Surely we can go no further. But immediately following the JPMorgan and BlackRock disclosures came the news from a startup provider, Salt Financial, that it will pay investors to own one of its funds. Salt Low truBeta U.S. Market Index (LSLT) (perhaps a worse name even than "BetaBuilders") will not only waive its official management fee until the fund reaches $100 million, but will also place its own money into the fund, at a rate of 5 basis points annually.
(To give the appropriate credit, information for these various fund launches came partly from trade-industry website Ignites. Morningstar also tracks such data, but I must confess that I encountered these items in Ignites first.)
Here to Stay
While Salt's offer is temporary, the industry's giants will not be changing their prices anytime soon. They wish it could be otherwise. Except possibly in the case of Vanguard--and probably not even there, as Vanguard has been forced in recent years to respond to competitive pressures that previously had not existed--no fund company enjoys selling its funds so cheaply. The profit margins are bare, if they exist at all. But such are the current customer demands.
The 401(k) business inflicts similar price-war pressures. Not only are corporations, particularly the largest firms, well-informed about the importance of costs, but there are strong legal incentives for plan sponsors to own only the lowest-priced funds. Because 401(k) plans are governed by ERISA regulations rather than the SEC's rules, they are vulnerable to excessive-fee lawsuits. Fear of such actions continues to drive down the costs of 401(k) investments.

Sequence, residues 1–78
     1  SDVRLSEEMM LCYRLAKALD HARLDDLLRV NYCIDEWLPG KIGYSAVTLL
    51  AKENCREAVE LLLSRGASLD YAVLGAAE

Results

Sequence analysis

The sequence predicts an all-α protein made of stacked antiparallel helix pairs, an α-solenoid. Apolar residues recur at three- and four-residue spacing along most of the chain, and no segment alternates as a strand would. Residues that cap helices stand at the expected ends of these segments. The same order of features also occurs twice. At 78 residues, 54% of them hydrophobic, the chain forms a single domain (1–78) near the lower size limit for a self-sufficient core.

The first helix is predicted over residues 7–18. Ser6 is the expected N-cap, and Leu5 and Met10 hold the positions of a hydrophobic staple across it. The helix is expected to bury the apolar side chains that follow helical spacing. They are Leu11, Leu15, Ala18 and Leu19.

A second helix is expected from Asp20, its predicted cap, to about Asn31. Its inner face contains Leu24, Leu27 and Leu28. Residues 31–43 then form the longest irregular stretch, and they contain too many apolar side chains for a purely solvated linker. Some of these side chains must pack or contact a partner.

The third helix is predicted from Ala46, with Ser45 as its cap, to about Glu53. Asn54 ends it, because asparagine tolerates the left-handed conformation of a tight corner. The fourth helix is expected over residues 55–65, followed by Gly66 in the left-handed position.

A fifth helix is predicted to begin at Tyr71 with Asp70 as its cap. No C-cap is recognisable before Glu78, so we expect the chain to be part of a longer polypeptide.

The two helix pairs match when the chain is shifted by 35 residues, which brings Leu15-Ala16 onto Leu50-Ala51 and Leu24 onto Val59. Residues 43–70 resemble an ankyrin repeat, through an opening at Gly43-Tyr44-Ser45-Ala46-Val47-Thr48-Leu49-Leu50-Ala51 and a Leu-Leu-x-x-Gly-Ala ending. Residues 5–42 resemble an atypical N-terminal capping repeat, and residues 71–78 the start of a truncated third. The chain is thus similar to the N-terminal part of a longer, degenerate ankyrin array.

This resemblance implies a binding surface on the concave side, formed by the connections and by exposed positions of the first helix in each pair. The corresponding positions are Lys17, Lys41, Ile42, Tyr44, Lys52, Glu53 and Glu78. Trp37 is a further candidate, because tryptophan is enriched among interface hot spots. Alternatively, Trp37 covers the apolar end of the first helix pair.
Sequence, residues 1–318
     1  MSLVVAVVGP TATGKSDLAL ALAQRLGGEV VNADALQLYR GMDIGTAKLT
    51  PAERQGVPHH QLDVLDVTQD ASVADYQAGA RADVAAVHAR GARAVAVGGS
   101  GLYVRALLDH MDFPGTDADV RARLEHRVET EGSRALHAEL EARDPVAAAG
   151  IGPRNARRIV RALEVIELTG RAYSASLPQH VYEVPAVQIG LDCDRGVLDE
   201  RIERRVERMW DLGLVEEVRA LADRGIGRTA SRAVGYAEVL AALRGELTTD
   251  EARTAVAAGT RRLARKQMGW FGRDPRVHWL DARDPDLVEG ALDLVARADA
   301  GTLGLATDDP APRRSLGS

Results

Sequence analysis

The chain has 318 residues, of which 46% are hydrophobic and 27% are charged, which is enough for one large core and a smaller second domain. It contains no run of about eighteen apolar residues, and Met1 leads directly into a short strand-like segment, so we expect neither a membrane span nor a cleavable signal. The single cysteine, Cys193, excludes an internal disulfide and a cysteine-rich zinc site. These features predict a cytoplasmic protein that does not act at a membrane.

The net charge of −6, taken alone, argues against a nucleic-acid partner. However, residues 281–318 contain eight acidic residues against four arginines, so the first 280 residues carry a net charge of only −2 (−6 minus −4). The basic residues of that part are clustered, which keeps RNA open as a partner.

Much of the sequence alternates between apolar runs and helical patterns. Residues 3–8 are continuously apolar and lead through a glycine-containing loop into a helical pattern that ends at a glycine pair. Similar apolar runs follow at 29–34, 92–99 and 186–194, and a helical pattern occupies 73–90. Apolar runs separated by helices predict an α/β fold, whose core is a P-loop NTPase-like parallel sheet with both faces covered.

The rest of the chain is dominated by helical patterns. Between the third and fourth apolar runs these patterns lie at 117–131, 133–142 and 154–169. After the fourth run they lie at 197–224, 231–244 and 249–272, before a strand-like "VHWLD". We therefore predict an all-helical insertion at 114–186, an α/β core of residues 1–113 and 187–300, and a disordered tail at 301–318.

What's Old Is New
In a sense, the mutual fund industry has come full circle. What was cheap became dear, and then became cheap again. Thanks to the invention of indexing and the huge scale of today's leading providers, there are far more low-cost funds now than at any time in the past. Many funds match Charley Ellis' figure of 0-10 basis points, albeit via passive strategies rather than active management.
However, something has been lost in process: simplicity. Although they rarely made the effort, mutual fund shareholders in the 1980s and 1990s who invested directly in funds, or through independent financial advisors (as opposed to those selling in-house products) could readily determine their all-in costs if they so desired. Multiply their account balances by their funds' expense ratios, consider any one-time load charges (if paid), and that would be their total bill.
These days, most leading fund providers run multiline businesses. They do much more than manage mutual funds. They have become conglomerates, offering brokerage services, security-lending businesses, custodial arrangements, and/or cash-management features. As such, these companies have many ways of generating revenue. Some of their funds are almost (or completely) free, but that doesn't mean their overall relationship comes at a low cost. When all is said and done, they might collect a pretty penny from the unwary.
Which returns us to the past. Banks in the 1920s could treat investment management as a giveaway because they made their money from clients elsewhere. That's now how mutual fund providers view the role of their index funds.
John Rekenthaler has been researching the fund industry since 1988. He is now a columnist for Morningstar.com and a member of Morningstar's investment research department. John is quick to point out that while Morningstar typically agrees with the views of the Rekenthaler Report, his views are his own.
John Rekenthaler does not own (actual or beneficial) shares in any of the securities mentioned above. Find out about Morningstar’s editorial policies.